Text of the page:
As we noted back in November, it’s common knowledge that keeping device software up to date and securely configured is important. System firmware, on the other hand, is often overlooked. Despite being critical to the secure operation of a device, it’s frequently out of date.
But how bad is the problem? How widespread? And what can be done to remedy the situation?
To answer these questions we decided to put our money where our mouth is and run some simple tests on one of our research networks. The goal was gain an accurate picture of the BIOS version running on all connected devices.
The results were a wake-up call. The firmware of devices running on our own network required some attention. This may be the case for you as well.
The Initial Aim
Before we get to the test results, and our subsequent fixes, it’s worth looking at the tests themselves in a little more detail.
We set out with a simple objective: Collect basic BIOS information for all the Windows laptops connected to our research network. Specifically, we were interested in discovering the BIOS version running on each device and the date it was released.
With this information we could determine whether devices were up to date. We could also investigate whether there were any known vulnerabilities to the BIOS version in operation.
In order to tackle the problem, we put together a simple script using PowerShell that searched end user devices across the Active Directory domain and returned selected properties of the Win32_BIOS class and Win32_ComputerSystem class for further analysis.
The full script can be found here. This gave us a set of data that could tell us the BIOS version and release date, alongside other basic information for every computer active within the domain.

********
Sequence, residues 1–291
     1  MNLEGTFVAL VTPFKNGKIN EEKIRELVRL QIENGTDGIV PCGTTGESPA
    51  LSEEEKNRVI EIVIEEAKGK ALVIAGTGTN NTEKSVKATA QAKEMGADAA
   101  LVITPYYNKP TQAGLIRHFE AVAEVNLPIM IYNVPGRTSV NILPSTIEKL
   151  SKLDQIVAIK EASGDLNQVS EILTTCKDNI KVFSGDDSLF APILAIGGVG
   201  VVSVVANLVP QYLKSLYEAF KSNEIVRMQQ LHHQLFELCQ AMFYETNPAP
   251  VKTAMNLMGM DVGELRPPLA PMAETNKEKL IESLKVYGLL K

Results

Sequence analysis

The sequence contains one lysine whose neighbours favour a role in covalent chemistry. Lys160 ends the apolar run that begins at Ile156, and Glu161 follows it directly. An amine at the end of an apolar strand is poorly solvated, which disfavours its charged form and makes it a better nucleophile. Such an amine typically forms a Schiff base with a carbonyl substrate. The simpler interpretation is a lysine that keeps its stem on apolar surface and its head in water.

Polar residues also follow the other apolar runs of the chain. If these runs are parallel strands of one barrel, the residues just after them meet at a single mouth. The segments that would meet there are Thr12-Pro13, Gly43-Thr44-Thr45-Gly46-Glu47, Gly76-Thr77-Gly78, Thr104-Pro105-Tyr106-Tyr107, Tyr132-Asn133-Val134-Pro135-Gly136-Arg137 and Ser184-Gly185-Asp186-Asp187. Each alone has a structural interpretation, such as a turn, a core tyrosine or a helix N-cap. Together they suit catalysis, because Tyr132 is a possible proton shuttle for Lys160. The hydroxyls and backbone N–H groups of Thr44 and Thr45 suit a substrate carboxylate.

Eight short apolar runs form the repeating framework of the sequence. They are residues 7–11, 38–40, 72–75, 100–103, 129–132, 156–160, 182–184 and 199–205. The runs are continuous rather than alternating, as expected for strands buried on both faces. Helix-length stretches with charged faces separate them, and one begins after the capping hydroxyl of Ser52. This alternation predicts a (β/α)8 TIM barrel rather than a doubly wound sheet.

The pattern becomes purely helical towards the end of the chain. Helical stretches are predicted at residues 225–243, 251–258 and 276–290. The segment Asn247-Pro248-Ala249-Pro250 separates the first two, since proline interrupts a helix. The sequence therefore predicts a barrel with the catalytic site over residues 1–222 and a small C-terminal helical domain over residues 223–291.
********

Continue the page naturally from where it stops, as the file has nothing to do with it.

Smelling the coffee
The results were a little dismaying. We found that 85% of the devices sampled were running an out of date BIOS and many were several versions behind the latest release.
We also identified that a few machines were potential candidates for the CVE-2015-2890 vulnerability, which involves a failure to enforce appropriate BIOS write protections after the device has been woken from sleep.
It’s got to be automated
These discoveries certainly hit home with us. We immediately took action to update the out-of-date devices.
Unfortunately, we did not have any infrastructure in place to automate this, so we had to do it manually – by checking the individual serial number of the devices on the manufacturer’s website to determine the latest BIOS available. The latest version then had to be downloaded and applied by hand. In our case we also had to remember to suspend BitLocker.
Whilst this process as a whole is not difficult, it is far from efficient and certainly not suitable for large enterprise networks where there could be thousands of devices to be securely managed .
Many of our customers have networks of this size. So, over the next few months, we’ll be looking for ways to manage networks at scale. We’ll be updating our EUD guidance with our findings when we’re done.
Whilst we succeeded in identifying and patching systems running an out of date BIOS on our small research network, our approach is still not ideal.
The major downside was that determining the status of the BIOS version reported back from our script was a manual process. In addition, we were reliant on end users downloading and performing the update.
Whilst this is feasible on a small research network, for a large enterprise, it’s not scalable. Therefore, in the coming weeks, we plan to focus on testing automation of BIOS updates, with a view to scaling this for large enterprise networks.
This will be the subject of a future blog post. In the meantime though, we would love to receive any comments on your own experiences or feedback below, either positive or negative.
Source: National Cyber Security Centre